A bird's view of tulip fields near Voorhout in the Netherlands, photographed with a drone in April 2015.

    Aashit Desai/National Geographic Traveler Photo Contest

    National Geographic Traveler Photo Contest Entries

    Slide 3

    Angalamman Festival is celebrated every year in a small town called Kaveripattinam in Tamil Nadu. Devotees, numbering in tens of thousands, converge in this town the day after Maha Shivratri to worship the deity Angalamman, meaning 'The Guardian God'. During the festival some of the worshippers paint their faces that personifies Goddess Kali. Other indulge in the ritual of piercing iron rods throughout their cheeks.

    Allan Gichigi/National Geographic Traveler Photo Contest

    National Geographic Traveler Photo Contest Entries

    Slide 4

    Kit Mikai is a natural rock formation about 40m high found in Western Kenya. She goes up the rocks regularly to meditate. Kit Mikai, Kenya

    Chris Ludlow/National Geographic Traveler Photo Contest

    National Geographic Traveler Photo Contest Entries

    Slide 5

    On a weekend trip to buffalo from Toronto we made a pit stop at Niagara Falls on the Canadian side. I took this shot with my nexus 5 smartphone. I was randomly shooting the falls themselves from different viewpoints when I happened to get a pretty lucky and interesting shot of this lone seagull on patrol over the falls. I didn't even realize I had captured it in the shot until I went back through the photos a few days later

    Jassen T./National Geographic Traveler Photo Contest

    National Geographic Traveler Photo Contest Entries

    Slide 6

    Incredibly beautiful and extremely remote. Koehn Lake, Mojave Desert, California. Aerial Image.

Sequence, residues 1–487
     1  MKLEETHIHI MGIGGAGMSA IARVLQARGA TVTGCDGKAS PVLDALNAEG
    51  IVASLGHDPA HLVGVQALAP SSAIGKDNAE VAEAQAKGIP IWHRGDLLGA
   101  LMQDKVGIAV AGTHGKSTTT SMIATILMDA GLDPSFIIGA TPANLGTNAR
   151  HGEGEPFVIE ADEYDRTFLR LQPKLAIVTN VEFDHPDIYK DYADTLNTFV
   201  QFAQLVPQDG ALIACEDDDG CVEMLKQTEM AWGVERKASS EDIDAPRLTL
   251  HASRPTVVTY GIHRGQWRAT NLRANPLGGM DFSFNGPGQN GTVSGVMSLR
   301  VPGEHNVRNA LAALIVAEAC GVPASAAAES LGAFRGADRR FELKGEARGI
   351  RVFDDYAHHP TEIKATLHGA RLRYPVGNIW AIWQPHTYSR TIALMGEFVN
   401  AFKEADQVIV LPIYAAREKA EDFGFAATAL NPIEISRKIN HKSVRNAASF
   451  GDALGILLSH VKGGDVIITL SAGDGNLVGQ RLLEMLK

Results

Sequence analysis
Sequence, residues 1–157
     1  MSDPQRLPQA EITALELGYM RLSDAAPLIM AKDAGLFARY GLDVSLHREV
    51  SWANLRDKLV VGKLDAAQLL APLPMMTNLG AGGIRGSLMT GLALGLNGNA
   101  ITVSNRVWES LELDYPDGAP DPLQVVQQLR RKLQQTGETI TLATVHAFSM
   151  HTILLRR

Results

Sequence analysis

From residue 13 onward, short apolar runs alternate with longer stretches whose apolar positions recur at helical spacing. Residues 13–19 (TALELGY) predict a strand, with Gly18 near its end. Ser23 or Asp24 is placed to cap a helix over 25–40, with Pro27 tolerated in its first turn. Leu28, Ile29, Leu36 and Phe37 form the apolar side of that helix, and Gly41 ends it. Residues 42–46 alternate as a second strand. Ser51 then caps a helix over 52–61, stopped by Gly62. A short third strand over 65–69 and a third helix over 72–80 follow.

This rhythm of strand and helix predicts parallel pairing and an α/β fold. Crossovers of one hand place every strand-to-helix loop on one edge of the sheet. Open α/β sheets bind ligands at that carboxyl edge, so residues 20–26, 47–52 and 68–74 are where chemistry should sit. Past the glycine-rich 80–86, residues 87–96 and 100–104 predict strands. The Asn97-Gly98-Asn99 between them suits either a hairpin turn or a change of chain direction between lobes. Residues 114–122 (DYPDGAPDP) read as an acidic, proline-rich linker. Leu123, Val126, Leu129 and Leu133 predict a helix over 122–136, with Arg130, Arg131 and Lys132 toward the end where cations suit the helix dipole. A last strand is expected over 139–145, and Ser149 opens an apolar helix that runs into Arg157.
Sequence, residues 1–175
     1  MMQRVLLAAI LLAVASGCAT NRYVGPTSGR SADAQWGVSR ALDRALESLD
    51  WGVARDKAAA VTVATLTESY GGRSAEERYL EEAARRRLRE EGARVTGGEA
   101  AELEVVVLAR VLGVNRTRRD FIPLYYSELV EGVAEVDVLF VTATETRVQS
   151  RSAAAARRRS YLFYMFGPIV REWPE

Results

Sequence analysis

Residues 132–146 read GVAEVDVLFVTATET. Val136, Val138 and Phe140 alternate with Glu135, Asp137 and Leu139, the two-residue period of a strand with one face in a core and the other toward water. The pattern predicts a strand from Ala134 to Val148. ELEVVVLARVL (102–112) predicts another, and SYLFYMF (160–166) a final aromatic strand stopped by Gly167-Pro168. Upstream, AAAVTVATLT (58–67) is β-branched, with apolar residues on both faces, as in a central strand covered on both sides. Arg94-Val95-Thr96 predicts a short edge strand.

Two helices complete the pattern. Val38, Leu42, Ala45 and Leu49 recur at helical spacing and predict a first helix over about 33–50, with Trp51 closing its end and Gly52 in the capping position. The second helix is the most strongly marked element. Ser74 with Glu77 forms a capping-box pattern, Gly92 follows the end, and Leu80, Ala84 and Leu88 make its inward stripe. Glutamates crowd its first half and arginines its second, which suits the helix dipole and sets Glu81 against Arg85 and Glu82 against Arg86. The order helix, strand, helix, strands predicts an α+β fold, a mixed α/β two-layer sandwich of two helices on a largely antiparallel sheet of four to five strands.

Howard Singleton/National Geographic Traveler Photo Contest

    National Geographic Traveler Photo Contest Entries

    Slide 7

    Lucky timing! The oxpecker was originally sitting on hippo's head. I could see the hippo was going into a huge yawn (threat display?) and the oxpecker had to vacate it's perch. When I snapped the pic, the oxpecker appeared on the verge of being inhaled and was perfectly positioned between the massive gaping jaws of the hippo. The oxpecker also appears to be screeching in terror and back-pedaling to avoid being a snack!

    Abrar Mohsin/National Geographic Traveler Photo Contest

    National Geographic Traveler Photo Contest Entries

    Slide 8

    The Yetis of Nepal - The Aghoris as they are called are marked by colorful body paint and clothes

    Madeline Crowley/National Geographic Traveler Photo Contest

    National Geographic Traveler Photo Contest Entries

    Slide 9

    Taken from a zodiac raft on a painfully cold, rainy day

    Ian Bird/National Geographic Traveler Photo Contest

    National Geographic Traveler Photo Contest Entries

    Slide 10

    This wave is situated right near the CBD of Sydney. Some describe it as the most dangerous wave in Australia, due to it breaking on barnacle covered rocks only a few feet deep and only ten metres from the cliff face. If you fall off you could find yourself in a life and death situation. This photo was taken 300 feet directly above the wave from a helicopter, just as the surfer is pulling into the lip of the barrel.

  • Recent Slide Shows

Comments

0 Comments

Comment Preview

Your name will appear as username ( settings | log out )

You may use these HTML tags and attributes: <a href=""> <b> <em> <strong> <i> <blockquote>